Studies Show Link between Social Media and Depression
Like many other conditions in our modern world, depression appears to be on the rise. One study found that depression rates increased from 6.6% to 7.3% from 2005 to 2015. But most concerning was the increase of depression in children age 12 to 17, which rose 4% over that same time span.1
Research shows a clear link between modernization and depression rates, which could explain why depression continues to increase.2 There could be a number of reasons for this correlation, but one area that is gaining more attention is the proliferation of social media.
Social media linked to depression
Recent studies are beginning to open people’s eyes to the potential negative impact social media can have on our health. According to research funded by the US National Institutes of Health, those who use social media the most have significantly increased odds of depression compared to those who use it sparingly.3
Not only is the amount of social media use significant, but the time of day we use it is as well. For example, one study found that using social media before bed was strongly associated with poor sleep in adolescents. The same study also found a strong link between social media use and depression, anxiety, and low self-esteem.4
Does social media cause depression?
Although we’ve established that there is a link between social media and depression, this doesn’t necessarily mean that excess social media use actually causes depression. It could be that people who are more likely to be depressed just use social media more. Or, other related factors could be contributing as well, such as the increased use of smartphones.
What we do know based on recent research, however, is that limiting social media use can indeed have positive health benefits that include a reduction in depression symptoms. For evidence of this, we can look at a 2018 study published in the Journal of Social and Clinical Psychology. In the study, university students were randomly assigned to either limit their social media use to 10 minutes per day per platform, or use social media as usual. The group who limited social media use to about 30 minutes per day showed significantly reduced depression and loneliness after this 3-week study.5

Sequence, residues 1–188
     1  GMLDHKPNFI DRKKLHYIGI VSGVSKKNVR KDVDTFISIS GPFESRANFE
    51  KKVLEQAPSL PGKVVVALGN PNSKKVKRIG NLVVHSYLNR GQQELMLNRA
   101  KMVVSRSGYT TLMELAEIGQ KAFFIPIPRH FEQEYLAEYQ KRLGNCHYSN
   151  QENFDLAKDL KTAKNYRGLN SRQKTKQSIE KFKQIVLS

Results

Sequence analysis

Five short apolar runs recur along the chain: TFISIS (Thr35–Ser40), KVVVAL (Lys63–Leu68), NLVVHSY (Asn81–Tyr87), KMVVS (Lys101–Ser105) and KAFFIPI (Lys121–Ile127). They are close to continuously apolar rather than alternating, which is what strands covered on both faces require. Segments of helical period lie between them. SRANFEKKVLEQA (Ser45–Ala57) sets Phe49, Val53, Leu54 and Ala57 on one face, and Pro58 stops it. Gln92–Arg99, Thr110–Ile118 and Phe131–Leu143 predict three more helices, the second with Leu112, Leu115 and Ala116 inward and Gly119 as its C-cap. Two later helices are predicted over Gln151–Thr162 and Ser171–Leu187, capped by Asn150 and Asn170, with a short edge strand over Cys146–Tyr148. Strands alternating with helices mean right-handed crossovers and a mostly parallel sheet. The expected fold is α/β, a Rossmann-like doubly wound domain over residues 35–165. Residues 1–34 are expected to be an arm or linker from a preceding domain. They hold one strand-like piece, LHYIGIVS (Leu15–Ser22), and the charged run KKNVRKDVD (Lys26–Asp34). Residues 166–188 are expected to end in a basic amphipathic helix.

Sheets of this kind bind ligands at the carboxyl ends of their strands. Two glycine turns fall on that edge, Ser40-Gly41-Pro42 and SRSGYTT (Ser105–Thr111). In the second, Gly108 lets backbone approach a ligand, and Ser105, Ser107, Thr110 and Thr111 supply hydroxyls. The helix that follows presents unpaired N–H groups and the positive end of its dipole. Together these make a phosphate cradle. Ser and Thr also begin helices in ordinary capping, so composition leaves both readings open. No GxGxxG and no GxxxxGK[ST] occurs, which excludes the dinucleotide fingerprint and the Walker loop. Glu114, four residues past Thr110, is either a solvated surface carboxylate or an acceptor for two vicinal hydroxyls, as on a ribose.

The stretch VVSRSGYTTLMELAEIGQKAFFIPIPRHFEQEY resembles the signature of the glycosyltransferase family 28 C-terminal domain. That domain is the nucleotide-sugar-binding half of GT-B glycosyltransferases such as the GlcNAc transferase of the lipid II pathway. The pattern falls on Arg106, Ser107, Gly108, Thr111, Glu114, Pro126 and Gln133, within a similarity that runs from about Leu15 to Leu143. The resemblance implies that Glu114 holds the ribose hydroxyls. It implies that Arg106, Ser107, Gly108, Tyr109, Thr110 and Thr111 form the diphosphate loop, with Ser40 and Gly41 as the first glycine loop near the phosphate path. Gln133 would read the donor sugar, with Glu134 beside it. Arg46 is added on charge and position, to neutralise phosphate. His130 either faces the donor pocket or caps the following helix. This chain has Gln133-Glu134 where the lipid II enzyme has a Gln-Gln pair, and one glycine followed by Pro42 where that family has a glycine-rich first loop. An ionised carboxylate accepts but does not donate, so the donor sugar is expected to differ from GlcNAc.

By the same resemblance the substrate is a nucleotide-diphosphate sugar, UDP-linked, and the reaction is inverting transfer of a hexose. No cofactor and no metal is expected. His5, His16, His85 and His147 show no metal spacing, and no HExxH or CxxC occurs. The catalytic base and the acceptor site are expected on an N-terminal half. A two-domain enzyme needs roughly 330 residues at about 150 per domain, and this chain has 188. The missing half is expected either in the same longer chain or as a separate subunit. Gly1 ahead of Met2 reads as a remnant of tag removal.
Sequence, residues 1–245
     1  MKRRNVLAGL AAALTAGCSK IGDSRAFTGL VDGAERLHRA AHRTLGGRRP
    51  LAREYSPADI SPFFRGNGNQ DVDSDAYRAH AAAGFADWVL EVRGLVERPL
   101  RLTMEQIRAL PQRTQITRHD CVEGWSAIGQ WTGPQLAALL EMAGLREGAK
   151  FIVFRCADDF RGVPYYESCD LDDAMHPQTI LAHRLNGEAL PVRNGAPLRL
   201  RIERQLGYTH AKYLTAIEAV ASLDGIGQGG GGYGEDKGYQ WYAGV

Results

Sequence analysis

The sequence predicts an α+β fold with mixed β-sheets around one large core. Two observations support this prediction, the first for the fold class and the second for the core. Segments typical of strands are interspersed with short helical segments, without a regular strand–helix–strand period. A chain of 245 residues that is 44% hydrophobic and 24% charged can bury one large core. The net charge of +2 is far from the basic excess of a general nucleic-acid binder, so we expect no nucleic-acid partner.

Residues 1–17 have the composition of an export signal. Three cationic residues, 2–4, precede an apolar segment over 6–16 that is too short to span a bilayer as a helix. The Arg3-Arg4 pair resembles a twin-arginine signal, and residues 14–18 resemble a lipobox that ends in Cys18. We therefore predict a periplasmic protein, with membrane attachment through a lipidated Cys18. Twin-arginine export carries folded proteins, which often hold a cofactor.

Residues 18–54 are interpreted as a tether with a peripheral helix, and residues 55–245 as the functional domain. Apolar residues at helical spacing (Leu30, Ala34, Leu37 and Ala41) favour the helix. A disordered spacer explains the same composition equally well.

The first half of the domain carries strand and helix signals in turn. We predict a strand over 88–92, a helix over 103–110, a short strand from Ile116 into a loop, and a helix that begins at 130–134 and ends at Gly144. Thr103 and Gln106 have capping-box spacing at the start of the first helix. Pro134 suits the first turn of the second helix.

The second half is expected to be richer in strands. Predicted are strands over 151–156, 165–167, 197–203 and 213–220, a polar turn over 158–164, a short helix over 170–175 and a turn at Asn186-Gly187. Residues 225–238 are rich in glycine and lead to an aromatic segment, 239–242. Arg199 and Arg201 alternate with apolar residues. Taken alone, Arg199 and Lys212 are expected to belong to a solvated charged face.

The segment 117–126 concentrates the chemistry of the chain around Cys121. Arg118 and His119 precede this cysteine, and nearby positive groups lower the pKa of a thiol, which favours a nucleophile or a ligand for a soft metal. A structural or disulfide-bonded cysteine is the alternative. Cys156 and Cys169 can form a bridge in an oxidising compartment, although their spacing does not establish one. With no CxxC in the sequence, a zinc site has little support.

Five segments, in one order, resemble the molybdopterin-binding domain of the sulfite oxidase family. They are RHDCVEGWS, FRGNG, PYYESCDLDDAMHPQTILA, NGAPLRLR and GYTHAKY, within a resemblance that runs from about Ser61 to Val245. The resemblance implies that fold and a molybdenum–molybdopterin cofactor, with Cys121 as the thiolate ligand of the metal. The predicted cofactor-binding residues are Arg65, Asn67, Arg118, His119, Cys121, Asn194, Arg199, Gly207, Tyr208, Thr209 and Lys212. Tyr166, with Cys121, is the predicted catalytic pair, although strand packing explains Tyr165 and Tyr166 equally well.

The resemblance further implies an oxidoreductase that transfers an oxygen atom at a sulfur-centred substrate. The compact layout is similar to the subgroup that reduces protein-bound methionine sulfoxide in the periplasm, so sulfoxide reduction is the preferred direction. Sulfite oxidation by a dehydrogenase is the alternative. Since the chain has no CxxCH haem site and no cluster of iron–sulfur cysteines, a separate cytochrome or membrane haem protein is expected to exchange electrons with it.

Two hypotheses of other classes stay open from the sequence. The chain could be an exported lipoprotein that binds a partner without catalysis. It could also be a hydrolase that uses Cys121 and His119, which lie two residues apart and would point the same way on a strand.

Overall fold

What can we learn from these studies?
One of the key messages we should take from these studies is that using social media too much and for the wrong reasons can be detrimental to our health. Social media should be used as a supplement to old-fashioned, face-to-face interactions and should not be a replacement for them. Using social media as a replacement for real-world experience can easily lead to isolation. Plus, excessive social media use reduces the overall time we have to spend on meaningful things such as exercise and educational pursuits.
Missing out on direct communication can be especially detrimental for children. Clinical psychologist Catherine Steiner-Adair believes that a decrease in real-world interaction has led to a decrease in social skills among kids. As she states in her book, The Big Disconnect, “It’s not like it creates a nonverbal learning disability, but it puts everybody in a nonverbal disabled context, where body language, facial expression, and even the smallest kinds of vocal reactions are rendered invisible.” Of course, these same barriers to communication are in place when we use social media to communicate as adults as well.
Another message we can take from studies on social media is that fear of missing out, or FOMO, and envy are strongly associated with social media use. We may be afraid that we will miss out on something important by not staying connected to our friends and others on social media. And, we tend to compare our lives with others based on the pictures and updates they are posting.
Minimizing the negative effects of social media
If you find yourself spending most of your time online instead of in the real world, have a compulsive need to “check in” on your social media throughout the day, or are experiencing cyberbullying or other negative interactions frequently on social media, it’s time to limit your use of this medium. To limit the negative effects of social media in your life, follow these tips:
- Don’t use your phone before bed
- Limit the number of social networks you use
- Set time limits on your phone for social media sites
- Set designated times to ignore or turn off your phone
- Consider a “digital detox”
- Use lists and filter updates you don’t want to see
If you have trouble following through with these tips and you feel that social media is still controlling your life, it may be time to get some professional help. A mental health professional can help you find a healthier balance in your life so you can steer clear of the negative effects of excessive social media use. Many wellness professionals use ZYTO EVOX to assist in overcoming social media addiction as well.
1. “Depression is on the rise in the US, especially among young teens.” Columbia University’s Mailman School of Public Health. Sciencedaily.com.
2. Hidaka, B.H. “Depression as a disease of modernity: explanations for increasing prevalence.” Journal of Affective Disorders 140, no. 3 (2012): 205-214.
3. Lin, L., J.E. Sidani, et al. “Association between Social Media Use and Depression among U.S. Young Adults.” Journal of Depression and Anxiety 33, no. 4 (2016): 323-331.
4. Woods, H.C., & H. Scott. “#Sleepyteens: Social media use in adolescence is associated with poor sleep quality, anxiety, depression and low self-esteem.” Journal of Adolescence 51 (2016): 41-49.
5. Hunt, M.G., R. Marx, et al. “No More FOMO: Limiting Social Media Decreases Loneliness and Depression.” Journal of Social & Clinical Psychology 37, no. 10 (2018): 751-768.